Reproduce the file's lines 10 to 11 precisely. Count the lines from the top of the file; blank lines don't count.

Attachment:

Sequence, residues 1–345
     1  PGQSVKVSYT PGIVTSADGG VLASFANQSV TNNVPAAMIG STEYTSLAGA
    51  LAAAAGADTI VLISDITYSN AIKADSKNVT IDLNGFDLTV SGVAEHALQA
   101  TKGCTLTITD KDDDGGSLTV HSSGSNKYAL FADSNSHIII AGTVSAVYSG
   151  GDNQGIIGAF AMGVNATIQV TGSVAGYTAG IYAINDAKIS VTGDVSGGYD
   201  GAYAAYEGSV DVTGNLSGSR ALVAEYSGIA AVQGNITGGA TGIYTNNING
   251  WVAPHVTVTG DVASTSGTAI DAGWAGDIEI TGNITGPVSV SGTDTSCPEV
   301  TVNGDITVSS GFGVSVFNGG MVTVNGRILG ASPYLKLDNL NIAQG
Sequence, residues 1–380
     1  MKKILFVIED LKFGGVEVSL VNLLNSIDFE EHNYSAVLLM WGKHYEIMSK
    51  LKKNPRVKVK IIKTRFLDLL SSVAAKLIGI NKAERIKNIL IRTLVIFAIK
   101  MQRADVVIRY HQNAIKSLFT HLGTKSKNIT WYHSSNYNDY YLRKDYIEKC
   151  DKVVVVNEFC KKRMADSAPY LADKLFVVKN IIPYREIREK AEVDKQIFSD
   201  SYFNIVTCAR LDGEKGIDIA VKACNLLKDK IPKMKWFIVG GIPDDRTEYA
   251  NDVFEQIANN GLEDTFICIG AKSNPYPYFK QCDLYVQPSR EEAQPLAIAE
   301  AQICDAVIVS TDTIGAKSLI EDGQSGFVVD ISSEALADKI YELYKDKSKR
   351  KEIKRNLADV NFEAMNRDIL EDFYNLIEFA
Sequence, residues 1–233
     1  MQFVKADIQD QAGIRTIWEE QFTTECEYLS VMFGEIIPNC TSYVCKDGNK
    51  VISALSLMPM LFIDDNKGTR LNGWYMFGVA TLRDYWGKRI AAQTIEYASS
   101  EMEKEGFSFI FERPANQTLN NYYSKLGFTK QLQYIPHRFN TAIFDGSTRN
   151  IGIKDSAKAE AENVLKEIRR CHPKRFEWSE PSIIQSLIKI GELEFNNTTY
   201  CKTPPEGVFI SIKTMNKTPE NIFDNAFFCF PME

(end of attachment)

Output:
     1  MKKILFVIED LKFGGVEVSL VNLLNSIDFE EHNYSAVLLM WGKHYEIMSK
    51  LKKNPRVKVK IIKTRFLDLL SSVAAKLIGI NKAERIKNIL IRTLVIFAIK